DHAKA, Feb 26 (Reuters) A shortfall in the supply of power in Bangladesh has soared to 1,600 megawatt (MW) per day because of problems at big power plants, a power official said today.
Bangladesh Power Development Board (BPDB) is able to generate a record low of 2,200 mw of electricity, compared with demand of 3,800 mw, because big plants tripped one after another due to technical faults, a senior official with the state-run board told Reuters today, asking not to be named.
''The board is trying to gradually restore all the tripping power stations,'' BPDB said in a statement.
BPDB officials said demand in summer -- when the agrarian country needs extra supplies for irrigation -- was expected to rise to 5,000 mw.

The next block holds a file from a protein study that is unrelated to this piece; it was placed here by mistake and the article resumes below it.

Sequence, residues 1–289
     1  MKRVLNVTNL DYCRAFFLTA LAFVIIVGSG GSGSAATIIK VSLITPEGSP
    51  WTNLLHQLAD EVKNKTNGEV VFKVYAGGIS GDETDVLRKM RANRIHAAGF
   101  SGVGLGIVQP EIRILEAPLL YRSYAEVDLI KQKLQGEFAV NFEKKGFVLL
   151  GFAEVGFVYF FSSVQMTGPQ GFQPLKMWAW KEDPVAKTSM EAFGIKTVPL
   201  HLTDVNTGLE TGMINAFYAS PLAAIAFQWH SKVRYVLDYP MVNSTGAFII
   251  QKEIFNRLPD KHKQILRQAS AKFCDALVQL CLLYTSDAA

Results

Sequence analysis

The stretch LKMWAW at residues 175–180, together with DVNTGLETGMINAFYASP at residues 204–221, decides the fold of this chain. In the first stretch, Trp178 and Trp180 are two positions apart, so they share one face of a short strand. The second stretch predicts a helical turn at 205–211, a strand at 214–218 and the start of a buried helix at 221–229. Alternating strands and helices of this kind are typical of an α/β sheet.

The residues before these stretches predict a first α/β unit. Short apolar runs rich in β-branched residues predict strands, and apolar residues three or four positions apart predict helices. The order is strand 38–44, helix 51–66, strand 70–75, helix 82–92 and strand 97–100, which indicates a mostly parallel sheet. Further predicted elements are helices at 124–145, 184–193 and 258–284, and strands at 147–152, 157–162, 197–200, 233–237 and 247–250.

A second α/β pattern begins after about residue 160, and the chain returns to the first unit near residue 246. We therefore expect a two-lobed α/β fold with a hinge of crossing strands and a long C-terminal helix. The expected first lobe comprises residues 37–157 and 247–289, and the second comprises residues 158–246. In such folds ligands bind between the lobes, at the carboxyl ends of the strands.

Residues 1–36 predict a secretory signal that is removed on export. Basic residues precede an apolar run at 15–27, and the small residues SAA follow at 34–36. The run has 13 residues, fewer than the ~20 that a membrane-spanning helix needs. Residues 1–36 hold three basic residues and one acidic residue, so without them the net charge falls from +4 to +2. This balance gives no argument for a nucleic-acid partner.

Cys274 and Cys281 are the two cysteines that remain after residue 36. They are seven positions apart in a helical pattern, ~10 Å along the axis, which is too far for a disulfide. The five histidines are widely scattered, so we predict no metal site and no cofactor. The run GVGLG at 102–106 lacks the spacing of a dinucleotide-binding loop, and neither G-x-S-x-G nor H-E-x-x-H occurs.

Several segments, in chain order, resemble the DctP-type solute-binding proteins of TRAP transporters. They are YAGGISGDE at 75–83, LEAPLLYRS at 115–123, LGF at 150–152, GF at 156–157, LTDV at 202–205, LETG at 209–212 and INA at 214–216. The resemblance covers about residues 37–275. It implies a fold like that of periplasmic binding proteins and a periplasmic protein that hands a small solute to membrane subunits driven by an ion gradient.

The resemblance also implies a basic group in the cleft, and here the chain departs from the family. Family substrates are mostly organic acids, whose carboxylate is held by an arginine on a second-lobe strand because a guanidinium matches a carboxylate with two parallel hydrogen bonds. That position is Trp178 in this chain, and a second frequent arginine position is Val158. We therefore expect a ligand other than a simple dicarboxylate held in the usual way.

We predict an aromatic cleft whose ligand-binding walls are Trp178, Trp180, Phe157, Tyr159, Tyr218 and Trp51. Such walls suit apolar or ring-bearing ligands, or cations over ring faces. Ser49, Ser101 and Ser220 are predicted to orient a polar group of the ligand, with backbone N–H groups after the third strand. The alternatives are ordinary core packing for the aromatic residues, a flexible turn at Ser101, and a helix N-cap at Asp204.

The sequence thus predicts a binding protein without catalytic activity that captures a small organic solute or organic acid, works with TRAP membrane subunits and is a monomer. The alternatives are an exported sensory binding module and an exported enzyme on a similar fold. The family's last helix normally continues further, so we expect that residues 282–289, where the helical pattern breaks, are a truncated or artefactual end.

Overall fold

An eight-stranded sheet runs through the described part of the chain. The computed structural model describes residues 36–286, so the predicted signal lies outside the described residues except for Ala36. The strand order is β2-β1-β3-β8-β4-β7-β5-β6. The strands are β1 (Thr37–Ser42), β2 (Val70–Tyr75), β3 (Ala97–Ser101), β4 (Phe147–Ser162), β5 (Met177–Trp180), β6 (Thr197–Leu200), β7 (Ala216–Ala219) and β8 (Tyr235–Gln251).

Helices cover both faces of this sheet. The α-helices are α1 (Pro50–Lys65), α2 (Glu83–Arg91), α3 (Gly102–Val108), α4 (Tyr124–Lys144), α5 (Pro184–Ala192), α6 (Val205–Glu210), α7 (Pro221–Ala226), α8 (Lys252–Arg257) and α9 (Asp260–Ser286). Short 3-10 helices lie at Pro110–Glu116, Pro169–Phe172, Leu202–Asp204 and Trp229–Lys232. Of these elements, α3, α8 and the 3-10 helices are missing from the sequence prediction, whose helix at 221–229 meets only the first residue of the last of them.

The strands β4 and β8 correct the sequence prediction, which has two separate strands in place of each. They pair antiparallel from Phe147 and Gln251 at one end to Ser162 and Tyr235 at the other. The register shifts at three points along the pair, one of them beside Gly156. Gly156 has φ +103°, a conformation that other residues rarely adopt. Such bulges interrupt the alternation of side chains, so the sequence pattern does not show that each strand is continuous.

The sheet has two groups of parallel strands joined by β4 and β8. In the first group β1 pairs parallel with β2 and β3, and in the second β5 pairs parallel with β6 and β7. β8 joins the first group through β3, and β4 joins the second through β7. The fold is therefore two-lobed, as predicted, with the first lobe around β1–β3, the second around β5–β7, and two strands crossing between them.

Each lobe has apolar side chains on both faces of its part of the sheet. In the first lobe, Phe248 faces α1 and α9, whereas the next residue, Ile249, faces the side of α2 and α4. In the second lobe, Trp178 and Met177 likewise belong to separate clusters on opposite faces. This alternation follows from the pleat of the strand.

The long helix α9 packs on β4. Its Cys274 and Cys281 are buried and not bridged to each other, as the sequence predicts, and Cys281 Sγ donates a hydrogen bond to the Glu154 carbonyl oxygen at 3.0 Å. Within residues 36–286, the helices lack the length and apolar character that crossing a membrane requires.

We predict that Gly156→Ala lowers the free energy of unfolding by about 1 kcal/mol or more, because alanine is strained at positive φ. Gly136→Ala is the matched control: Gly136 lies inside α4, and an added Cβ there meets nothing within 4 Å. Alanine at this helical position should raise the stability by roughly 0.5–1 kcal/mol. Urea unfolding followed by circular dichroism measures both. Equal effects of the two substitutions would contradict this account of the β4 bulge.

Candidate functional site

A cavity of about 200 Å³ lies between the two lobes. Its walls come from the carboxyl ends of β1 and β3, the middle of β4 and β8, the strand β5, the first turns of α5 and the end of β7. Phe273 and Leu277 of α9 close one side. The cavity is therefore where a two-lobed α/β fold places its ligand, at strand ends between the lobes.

Last year, average demand for electricity was 4,500 mw and the shortfall was between 800 and 1,100 mw.
Bangladesh's power sector performed poorly in 2005, adding only 80 mw to the national grid. No new plant was set up in the private sector.
Several new plants had been expected to start operations but they all fell behind schedule due to funding and other problems, officials said.
Power officials said the government was still planning to establish 14 new power generation units, including those that failed to start in 2005, to add nearly 3,000 mw of power to the national grid by end-2007.
Only 30 per cent of the country's 140 million people have access to power.
Demand is set to grow to 8,000 mw a day by 2011, according to official estimates.
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